Product design engineer Kingman has been connected with quite a few car-related patents, such as the adjustable lighting system, extendable bumpers, and the earlier banded light patent.

Side Mirrors

The second patent titled "Systems for improving side-mirror functionality of a vehicle" offers several ways to improve the design of the side mirror. Chiefly the patent details how to minimize the width of the vehicle, either by having the side mirrors extend outwards when required, or replacing them completely.

In the first example, the mirror is attached to an actuator, relatively similar to how some versions available today function to tuck in the mirror and to extend them at the start and end of a journey. Rather than doing so at the beginning or the end and leaving it static throughout, Apple proposes it could change its position through the journey.

Using a camera sensor pointed at the driver's face, the system can monitor the driver's head movements by looking at a facial feature's orientation. If it is determined the driver is looking in the mirror's direction by the camera, a signal is sent to the mirror for it to actuate out into position, and to retract when it is not required.

A version of the side mirror embedded in the car bodywork.
A version of the side mirror embedded in the car bodywork.

A second implementation is an integrated side mirror, which is fitted into the wall of the car itself and takes advantage of optical elements on each side to provide the driver with a view of the outside. It is suggested the view offered would be enough to see nearby elements similarly to a normal externally-mounted side mirror.

The third variation on the theme is to remove the side mirror entirely, and replace it with a monitor. Attached to the inside of the vehicle in the place where the driver would look for the side mirror, a display would provide a live video feed from a camera mounted on the rear of the vehicle, giving a view of the area typically covered by the mirror's reflection.

Rather than giving a direct live feed, the system would perform processing on the image to create a similar image to what the driver would expect to see from the mirror, as the camera's position and field of view would differ.

A version of the side mirror using a display and camera
A version of the side mirror using a display and camera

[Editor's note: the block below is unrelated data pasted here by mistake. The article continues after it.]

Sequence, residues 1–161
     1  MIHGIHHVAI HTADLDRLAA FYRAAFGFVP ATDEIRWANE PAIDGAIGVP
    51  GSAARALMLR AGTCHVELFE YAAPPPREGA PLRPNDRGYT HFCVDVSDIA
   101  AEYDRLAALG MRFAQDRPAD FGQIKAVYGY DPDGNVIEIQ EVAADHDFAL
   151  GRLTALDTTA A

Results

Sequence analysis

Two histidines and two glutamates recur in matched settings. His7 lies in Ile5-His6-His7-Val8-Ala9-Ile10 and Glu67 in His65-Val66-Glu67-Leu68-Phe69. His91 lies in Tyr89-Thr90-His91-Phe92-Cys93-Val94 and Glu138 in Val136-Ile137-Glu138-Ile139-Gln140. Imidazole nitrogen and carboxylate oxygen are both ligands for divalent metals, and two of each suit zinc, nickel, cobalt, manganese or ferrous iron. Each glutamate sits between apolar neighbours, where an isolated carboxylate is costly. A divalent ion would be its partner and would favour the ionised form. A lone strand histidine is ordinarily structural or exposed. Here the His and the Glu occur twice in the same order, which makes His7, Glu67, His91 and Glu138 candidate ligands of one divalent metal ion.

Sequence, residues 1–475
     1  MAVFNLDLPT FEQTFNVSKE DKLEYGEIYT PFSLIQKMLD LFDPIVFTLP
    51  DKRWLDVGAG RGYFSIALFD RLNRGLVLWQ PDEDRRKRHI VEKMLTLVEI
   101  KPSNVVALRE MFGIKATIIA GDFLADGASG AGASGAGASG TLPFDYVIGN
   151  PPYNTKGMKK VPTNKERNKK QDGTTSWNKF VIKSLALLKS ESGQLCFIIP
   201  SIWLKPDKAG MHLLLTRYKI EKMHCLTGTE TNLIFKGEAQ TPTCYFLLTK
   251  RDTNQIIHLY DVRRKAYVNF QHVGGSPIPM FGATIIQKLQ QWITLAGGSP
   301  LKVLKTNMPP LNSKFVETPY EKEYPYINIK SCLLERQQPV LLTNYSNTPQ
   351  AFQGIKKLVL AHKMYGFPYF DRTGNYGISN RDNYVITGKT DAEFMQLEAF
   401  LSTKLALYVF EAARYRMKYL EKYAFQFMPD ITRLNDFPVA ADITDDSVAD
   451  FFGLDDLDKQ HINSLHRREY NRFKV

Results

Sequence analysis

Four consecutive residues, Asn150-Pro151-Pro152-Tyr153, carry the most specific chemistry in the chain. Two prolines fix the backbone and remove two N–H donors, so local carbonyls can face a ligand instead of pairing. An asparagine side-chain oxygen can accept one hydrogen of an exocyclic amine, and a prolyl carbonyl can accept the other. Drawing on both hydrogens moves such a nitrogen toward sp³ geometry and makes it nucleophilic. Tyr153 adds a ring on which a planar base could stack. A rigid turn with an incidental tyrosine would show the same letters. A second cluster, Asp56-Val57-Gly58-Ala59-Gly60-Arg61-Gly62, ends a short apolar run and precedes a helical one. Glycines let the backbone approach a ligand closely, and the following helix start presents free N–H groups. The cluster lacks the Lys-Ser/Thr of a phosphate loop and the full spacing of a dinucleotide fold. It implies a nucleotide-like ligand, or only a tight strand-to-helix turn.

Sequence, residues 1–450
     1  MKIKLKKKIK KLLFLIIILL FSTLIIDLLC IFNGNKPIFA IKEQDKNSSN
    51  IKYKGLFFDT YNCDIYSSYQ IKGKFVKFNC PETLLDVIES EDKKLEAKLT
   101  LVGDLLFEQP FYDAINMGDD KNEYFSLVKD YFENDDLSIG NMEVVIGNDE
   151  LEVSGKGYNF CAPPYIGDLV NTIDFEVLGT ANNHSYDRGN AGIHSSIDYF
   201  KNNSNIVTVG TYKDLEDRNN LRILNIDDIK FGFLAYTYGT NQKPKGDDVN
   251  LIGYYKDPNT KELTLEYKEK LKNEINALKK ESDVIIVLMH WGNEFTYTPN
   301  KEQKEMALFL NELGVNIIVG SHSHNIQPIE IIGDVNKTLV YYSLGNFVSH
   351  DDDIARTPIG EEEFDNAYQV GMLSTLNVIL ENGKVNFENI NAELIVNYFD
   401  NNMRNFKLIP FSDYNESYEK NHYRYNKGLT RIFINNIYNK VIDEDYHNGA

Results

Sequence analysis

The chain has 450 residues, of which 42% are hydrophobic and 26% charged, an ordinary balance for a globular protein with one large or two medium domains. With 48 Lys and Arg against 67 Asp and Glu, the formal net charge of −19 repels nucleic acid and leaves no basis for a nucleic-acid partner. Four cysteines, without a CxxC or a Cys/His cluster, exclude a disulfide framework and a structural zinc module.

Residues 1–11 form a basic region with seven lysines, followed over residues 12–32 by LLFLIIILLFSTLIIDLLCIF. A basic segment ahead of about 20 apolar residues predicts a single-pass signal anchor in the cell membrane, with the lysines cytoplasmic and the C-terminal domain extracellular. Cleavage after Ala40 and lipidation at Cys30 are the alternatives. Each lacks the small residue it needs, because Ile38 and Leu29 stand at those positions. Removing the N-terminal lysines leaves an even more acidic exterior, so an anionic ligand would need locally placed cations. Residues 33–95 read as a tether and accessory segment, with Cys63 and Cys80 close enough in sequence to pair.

Such a system would still provide a benefit of potentially giving a wider field of view than the reflection ever could, as well as for areas behind the vehicle that are typically blocked to the driver.

The patent lists the inventors as David G Havskjold, Arthur Y. Zhang, Hyungryul Choi, Matthew E. Last, and Clarisse Mazuir once more.

A product design engineer, Havskjold is a co-inventor for patents for a wide variety of areas, ranging from cover glass arrangements for electronic devices, hidden signal paths for lighting systems, retail fixtures, and a low-profile connector.

Zhang is a display expert for Apple, linked to patents involving screens of varying kinds, such as storing the long-term history of pixel luminance values to compensate for the effects of burn-in, ambient light color compensation, and lighting in augmented reality environments.

Choi is an engineering manager who works on display and optical technologies for Apple, and his patents list is largely in the same field, including displays with switchable film structures, a heads-up display for vehicles, and an active glare suppression system for cars.

Formerly an Apple engineering manager linked to the Special Projects Group but currently employed at Waymo, Last is, as expected, connected with a lot of car patents. These range from the lighting systems for vehicle seats to "systems with matte infrared-transparent layers," autonomous navigation systems, securable storage compartments, and heads-up displays.

Apple files numerous patent applications every week, but while the existence of a filing indicates areas of interest for the company's research and development efforts, there is no guarantee the concepts described will make an appearance in a future product or service.